“Pay gaps may be inadvertently imported or inherited during recruitment when candidates reveal their present salaries, which for women are frequently lower than men,” she explained.

“Pay secrecy clauses can mask unjustified discrepancies in pay between men and women.”

Australian Women Lawyers president Astrid Haban-Beer explained that there is both the imperative to prioritise gender pay equality where it doesn’t exist, as well as the need to reduce disparity in women’s superannuation balances. 

“The effect of pay inequality is not just earning a little less at various points in a career — it’s life-lasting,” she explained. 

Ms Lefebvre commented: “In practical terms, the gender pay gap can be closed but only with buy-in from employers. Whether there is appetite to change this within society generally and the legal profession more specifically remains to be seen.”  


“The legal profession requires urgent and considered action to be taken collectively on a national level,” stated Ms Anderson.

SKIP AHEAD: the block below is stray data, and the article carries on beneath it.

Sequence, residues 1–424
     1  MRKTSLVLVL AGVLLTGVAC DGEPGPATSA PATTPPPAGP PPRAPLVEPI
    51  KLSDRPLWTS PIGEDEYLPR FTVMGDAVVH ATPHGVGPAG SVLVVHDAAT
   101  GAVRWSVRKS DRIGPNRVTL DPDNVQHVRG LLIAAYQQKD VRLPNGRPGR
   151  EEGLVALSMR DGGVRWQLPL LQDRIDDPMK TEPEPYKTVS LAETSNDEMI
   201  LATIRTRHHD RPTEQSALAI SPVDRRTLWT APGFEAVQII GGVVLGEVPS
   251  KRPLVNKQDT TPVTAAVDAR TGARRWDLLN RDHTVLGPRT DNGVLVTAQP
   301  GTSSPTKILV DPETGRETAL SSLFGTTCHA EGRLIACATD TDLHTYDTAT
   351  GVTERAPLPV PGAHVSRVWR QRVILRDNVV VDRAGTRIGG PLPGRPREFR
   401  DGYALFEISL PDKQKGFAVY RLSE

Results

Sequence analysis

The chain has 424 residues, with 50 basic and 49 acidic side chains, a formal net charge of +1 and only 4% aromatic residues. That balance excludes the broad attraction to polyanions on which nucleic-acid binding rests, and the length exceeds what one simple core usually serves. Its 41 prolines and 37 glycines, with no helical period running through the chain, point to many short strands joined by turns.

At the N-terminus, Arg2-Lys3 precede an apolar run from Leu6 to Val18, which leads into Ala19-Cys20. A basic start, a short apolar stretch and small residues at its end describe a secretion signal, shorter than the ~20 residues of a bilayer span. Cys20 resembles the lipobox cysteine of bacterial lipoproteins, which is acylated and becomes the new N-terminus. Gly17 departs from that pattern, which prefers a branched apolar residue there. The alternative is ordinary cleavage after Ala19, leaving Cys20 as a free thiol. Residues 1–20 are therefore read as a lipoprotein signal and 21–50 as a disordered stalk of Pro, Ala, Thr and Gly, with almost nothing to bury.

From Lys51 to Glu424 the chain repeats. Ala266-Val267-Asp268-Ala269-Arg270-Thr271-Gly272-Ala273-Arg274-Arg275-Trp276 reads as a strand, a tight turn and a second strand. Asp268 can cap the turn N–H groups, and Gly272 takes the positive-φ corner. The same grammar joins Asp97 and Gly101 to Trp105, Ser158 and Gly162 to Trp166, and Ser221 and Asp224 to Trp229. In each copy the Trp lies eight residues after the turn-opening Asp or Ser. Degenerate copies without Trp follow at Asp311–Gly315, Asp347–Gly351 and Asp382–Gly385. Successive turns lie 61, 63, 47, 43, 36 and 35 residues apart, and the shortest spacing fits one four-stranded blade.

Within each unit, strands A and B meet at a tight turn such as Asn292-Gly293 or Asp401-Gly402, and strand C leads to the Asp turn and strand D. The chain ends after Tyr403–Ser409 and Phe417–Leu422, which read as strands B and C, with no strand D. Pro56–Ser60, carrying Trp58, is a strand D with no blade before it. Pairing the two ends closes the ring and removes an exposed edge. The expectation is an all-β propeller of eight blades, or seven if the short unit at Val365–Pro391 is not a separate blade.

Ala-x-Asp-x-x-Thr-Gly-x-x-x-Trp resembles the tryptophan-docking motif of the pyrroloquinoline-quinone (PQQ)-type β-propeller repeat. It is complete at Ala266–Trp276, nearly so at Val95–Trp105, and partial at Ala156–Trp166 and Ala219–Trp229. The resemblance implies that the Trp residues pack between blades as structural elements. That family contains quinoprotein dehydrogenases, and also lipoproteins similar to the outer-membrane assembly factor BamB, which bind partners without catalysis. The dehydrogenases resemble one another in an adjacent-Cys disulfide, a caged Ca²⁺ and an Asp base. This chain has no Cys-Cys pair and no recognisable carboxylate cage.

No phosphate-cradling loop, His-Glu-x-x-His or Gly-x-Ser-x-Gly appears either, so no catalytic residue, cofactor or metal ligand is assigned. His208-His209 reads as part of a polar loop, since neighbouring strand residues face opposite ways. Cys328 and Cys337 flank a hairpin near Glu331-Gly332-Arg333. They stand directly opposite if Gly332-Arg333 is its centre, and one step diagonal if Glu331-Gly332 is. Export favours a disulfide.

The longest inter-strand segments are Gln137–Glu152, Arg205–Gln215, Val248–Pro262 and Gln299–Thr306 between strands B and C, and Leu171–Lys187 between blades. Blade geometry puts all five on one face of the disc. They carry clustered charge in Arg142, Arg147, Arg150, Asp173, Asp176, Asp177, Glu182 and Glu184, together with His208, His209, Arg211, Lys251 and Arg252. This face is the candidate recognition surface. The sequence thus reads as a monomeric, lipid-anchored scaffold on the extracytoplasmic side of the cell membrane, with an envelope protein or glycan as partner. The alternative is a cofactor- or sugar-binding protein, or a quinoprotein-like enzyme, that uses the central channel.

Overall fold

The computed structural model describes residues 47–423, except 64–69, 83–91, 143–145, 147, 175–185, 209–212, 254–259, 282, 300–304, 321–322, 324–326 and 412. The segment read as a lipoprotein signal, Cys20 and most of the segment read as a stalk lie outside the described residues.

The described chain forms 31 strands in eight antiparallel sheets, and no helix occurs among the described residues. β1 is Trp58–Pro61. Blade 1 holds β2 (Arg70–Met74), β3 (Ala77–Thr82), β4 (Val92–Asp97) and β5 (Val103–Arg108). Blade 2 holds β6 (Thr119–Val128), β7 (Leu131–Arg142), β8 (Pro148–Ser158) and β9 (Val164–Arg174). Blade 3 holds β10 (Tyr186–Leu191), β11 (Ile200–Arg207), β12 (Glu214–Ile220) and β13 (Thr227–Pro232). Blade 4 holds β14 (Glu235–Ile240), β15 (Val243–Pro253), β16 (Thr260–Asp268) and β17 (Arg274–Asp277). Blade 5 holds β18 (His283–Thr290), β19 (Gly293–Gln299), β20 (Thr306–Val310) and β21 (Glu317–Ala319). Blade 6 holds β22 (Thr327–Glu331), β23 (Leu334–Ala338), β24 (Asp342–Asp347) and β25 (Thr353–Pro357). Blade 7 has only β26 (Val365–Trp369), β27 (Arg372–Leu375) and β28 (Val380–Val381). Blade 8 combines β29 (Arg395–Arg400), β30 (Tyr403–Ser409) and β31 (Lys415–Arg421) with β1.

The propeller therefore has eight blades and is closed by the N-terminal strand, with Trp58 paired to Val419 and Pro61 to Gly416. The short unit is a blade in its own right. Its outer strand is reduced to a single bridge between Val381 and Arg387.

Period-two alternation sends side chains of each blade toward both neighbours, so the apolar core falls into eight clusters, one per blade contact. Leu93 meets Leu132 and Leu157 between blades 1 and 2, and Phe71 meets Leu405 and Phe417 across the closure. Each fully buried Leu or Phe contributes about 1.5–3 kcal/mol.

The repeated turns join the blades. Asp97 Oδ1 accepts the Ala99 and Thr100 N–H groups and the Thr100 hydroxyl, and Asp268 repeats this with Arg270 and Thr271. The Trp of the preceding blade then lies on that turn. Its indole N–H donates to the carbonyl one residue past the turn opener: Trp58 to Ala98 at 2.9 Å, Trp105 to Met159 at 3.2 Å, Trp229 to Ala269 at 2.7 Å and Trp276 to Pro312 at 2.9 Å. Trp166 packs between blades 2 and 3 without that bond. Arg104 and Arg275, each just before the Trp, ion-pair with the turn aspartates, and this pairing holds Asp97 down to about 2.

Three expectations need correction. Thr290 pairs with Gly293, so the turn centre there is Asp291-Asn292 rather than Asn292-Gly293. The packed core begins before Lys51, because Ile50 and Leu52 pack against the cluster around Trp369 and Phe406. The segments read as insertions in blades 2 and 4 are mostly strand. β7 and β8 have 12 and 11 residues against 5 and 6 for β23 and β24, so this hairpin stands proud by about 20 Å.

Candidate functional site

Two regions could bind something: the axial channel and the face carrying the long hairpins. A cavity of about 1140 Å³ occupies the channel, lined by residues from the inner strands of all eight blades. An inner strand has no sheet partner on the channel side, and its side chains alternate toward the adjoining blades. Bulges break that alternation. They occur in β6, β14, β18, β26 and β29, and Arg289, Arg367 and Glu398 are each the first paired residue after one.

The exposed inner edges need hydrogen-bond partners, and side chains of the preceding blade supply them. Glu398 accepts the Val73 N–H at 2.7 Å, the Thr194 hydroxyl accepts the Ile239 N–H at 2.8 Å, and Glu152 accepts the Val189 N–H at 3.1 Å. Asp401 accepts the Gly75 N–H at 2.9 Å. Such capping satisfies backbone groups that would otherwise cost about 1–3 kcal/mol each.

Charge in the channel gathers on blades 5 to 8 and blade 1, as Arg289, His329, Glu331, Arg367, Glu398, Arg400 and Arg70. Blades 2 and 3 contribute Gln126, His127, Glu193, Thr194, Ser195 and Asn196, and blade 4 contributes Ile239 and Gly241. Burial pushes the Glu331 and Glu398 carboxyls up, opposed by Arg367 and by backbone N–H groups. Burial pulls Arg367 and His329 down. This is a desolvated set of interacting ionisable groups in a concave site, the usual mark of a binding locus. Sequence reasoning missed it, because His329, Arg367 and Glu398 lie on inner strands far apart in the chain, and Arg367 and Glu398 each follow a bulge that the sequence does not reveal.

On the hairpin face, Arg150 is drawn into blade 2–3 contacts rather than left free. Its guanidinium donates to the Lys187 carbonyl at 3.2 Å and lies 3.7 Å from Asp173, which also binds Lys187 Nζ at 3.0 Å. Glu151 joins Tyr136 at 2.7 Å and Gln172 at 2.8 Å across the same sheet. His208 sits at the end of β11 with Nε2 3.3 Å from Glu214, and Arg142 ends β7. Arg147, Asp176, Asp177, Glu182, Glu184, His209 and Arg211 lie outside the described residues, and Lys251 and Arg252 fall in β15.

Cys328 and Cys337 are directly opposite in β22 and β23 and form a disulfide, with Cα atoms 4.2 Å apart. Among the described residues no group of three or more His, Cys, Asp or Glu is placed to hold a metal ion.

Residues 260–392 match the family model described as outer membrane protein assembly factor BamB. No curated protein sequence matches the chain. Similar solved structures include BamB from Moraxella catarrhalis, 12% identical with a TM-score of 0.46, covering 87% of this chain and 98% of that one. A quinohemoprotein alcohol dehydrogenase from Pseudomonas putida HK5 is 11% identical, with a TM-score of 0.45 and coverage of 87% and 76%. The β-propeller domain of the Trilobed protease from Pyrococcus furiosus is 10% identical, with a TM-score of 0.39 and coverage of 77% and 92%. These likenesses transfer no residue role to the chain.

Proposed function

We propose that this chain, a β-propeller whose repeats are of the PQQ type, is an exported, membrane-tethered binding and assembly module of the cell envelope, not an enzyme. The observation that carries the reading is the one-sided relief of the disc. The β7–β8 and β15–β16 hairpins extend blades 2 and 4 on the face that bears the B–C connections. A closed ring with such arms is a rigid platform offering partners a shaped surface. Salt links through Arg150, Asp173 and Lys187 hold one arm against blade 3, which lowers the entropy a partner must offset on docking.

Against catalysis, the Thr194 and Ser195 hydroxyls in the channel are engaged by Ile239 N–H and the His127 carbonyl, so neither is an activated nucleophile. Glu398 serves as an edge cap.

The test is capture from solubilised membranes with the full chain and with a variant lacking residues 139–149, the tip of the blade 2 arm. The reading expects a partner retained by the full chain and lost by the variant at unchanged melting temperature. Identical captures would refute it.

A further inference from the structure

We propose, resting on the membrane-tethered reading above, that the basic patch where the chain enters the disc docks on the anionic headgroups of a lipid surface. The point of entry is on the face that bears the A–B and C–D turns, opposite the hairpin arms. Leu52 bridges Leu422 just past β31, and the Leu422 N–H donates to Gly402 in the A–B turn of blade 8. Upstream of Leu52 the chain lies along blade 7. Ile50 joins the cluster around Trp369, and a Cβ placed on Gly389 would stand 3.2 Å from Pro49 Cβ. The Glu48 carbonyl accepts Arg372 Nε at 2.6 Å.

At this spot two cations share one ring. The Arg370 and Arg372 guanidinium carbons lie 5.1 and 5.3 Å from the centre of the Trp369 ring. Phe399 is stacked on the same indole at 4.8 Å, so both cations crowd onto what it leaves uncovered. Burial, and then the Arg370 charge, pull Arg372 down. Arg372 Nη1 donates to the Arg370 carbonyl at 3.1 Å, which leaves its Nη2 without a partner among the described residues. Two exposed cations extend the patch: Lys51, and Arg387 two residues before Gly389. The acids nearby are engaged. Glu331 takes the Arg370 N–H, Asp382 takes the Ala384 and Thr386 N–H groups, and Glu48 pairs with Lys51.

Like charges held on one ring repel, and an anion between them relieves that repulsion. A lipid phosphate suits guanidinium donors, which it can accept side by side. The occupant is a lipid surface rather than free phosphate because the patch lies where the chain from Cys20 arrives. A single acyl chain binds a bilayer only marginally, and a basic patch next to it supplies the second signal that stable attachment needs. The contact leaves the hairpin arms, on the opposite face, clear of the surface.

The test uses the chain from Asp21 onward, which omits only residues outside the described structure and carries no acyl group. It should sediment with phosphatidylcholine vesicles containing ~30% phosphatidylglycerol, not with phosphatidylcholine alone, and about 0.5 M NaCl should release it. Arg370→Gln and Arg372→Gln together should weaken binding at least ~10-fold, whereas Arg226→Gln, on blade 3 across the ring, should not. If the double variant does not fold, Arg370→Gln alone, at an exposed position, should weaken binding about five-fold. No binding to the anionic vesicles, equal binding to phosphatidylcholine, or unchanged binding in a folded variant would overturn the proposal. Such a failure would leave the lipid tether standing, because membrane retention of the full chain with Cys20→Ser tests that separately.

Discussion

After carrying out substantial research in the area of equal pay, pay fairness, gender pay gap reporting and international best practices, WLANSW identified several measures that have shown to be effective:

  • No contractual terms requiring staff to maintain confidentiality about their remuneration;
  • Reporting of earnings data by band, including high and low pay;
  • Specificity in remuneration reviews as to what criteria are being measured; 
  • Earnings data is reported to the board on an annual basis;  
  • Earning data results audited on an annual basis to analyse results by both gender and ethnicity to identify unexpected patterns;
  • Job evaluation to determine pay rates;
  • Panels to review salary increase decisions made by line managers; and
  • Report on the ratio between the highest and lowest paid.
Ms Haban-Beer weighed in: “Realistically, gender pay equality won’t occur until there is greater pay transparency across the profession.”

“[Pay equality] could be near-term if businesses and government agencies report on salaries, barrister brief fees, and legal spend (with anonymised gender disaggregation) at all levels so a light can shine on those sticky areas where the gender pay disparity is greatest,” Ms Haban-Beer told Lawyers Weekly.